Living in a Data Driven World

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In Kevin Kelly’s TED presentation (2016), he reminded us that many previous technological advancements were predictable.  That is to say the general concept was predictable; however, the specific technologies that emerge were nearly impossible to predict.  Kelly offered the idea that the creation of mobile phones was predictable but the idea of smartphones and the ways they are used today was not.  As leaders, it is vital for us to be aware of emerging technologies and how they can be best utilized.  Having the latest and greatest is not the objective or the measure of success, but truly utilizing them to maximize the advancement of the organization to the fullest will be the measurement of success.

The advancement of technology has given us a plethora of information and data.  Most of this information and data can be at our fingertips.  David Weinberger (2011) questioned, “if the networking of knowledge is making us smarter or stupider.”  Though somewhat contradictory to my previous week’s blog, the emergence of technology can improve our abilities and move our teams forward; it is capitalizing and harnessing of the power of the technology that is the difference maker.  Kelly (2016) explained why smart cars could benefit us by not driving like a human.  Smart cars are not distracted or emotional.  They can process information more quickly as humans as well.  The distraction comment Kelly made struck me as something worth noting.  When I think about advancements in technology, I think of how very little we do to utilize the technology to its fullest.  Returning to the conversation of Google discussed in recent weeks, Google can be a powerful tool, but it is also easy to be lost and taken down a rabbit hole only to never return to the reason you were using Google in the first place.  I see this being something we, as leaders need to try to help our organizations avoid.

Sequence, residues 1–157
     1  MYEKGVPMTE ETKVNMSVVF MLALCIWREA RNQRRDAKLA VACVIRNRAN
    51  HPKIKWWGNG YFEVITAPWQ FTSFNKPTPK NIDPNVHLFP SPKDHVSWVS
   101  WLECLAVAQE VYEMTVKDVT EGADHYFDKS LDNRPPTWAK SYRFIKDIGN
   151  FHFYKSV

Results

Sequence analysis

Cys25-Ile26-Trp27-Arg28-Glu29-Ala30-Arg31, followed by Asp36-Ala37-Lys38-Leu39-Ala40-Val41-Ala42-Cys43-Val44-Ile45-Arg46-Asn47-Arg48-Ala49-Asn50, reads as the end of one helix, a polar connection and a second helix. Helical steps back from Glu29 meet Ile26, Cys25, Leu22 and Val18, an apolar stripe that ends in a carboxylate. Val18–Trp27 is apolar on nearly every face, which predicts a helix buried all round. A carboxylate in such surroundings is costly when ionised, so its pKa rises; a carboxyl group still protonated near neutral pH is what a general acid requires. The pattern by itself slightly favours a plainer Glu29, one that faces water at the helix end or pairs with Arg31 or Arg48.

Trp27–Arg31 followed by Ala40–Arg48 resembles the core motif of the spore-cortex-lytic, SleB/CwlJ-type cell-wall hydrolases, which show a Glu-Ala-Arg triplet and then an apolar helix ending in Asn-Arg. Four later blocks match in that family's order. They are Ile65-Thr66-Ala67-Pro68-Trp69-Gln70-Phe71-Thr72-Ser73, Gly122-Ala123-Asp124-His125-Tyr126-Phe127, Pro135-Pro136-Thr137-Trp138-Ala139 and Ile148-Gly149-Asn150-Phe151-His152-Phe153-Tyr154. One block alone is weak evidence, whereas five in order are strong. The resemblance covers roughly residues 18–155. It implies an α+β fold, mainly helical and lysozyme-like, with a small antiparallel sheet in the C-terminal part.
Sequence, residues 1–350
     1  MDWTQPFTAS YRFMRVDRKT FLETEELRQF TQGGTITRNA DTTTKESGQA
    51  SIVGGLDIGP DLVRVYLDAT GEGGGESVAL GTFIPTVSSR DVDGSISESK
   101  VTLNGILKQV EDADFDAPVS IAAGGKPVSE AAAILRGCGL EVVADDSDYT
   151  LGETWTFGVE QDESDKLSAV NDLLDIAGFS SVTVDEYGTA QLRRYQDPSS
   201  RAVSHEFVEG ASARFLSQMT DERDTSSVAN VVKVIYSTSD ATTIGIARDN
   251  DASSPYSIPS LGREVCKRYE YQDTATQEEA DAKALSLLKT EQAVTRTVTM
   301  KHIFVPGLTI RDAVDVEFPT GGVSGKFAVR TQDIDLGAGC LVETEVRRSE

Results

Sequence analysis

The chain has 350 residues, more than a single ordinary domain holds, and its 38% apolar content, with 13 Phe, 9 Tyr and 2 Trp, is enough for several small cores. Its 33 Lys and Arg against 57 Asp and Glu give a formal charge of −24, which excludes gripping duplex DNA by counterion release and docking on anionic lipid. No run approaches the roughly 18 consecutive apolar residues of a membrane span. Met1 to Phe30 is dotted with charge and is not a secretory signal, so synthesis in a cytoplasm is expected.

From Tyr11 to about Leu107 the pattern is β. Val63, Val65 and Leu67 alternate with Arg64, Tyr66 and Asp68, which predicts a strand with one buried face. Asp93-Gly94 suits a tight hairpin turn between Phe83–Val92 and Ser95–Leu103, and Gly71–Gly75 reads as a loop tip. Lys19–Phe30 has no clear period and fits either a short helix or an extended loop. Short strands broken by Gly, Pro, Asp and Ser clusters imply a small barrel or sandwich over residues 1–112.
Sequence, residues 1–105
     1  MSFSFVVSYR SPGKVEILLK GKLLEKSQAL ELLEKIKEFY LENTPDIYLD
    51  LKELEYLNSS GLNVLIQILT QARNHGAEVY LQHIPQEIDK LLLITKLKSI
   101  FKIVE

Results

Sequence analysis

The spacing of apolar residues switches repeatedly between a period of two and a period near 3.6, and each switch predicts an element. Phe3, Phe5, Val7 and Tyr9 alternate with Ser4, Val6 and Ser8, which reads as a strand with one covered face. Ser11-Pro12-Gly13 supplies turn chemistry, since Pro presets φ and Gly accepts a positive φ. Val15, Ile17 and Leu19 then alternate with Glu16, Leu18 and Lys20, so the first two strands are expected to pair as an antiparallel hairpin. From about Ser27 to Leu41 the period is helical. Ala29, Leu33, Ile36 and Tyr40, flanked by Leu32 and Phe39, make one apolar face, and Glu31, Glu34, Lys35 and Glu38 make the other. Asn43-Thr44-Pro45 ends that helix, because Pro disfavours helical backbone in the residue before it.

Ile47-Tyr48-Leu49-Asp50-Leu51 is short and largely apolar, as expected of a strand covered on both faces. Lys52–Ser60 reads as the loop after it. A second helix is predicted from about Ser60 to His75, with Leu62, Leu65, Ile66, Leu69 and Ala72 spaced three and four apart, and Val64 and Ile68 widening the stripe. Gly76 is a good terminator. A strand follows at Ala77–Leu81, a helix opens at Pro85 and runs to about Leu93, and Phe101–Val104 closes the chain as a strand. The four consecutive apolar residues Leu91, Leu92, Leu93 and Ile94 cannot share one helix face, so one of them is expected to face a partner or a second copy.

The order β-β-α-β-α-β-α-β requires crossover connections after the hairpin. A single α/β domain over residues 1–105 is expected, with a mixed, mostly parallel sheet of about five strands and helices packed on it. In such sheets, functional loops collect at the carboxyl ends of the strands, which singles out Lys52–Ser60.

I reflect on my early days in higher education as a freshman admission counselor.  The majority of communication and interaction I conducted with students and families was in person, on the phone (an actual landline in the office or by using a calling card at home), or by mail.  Email was used, but sparingly.  As time went on, the development of cellphones, email, and the internet vastly changed the landscape.  Texting and social media are all now additional ways to communicate with students.  Admission offices followed corporate sales teams’ lead with the creation and implementation of Communication Relationship Management (CRM) systems for the specific use of recruiting student.  A 2014 Hanover Research submission offered market trends and research on the use of technology by institutions of higher education.  Two-year-old research can be considered old by technology advancements standards, but the themes of the research still hold true.  Colleges and universities are looking to data and analytics to drive recruitment.

Schools often pay for services such as retargeting to market to students and use data collected when students visit their website.  Many schools use the data to create personalized PURLS and individualized digital viewbooks.  With each of these different initiatives the need for managing data and using data analytics to drive decisions is becoming a challenge.  Hanover Research (2014) stated, “Getting a better handle of this data is a new area of concentration for colleges and universities.”  Weinberger (2011) presented Amazon as an example of how the effective analyzation of data can lead to meeting the needs of a customer.  He went on to add we need to continue to learn how to evaluate information and knowledge.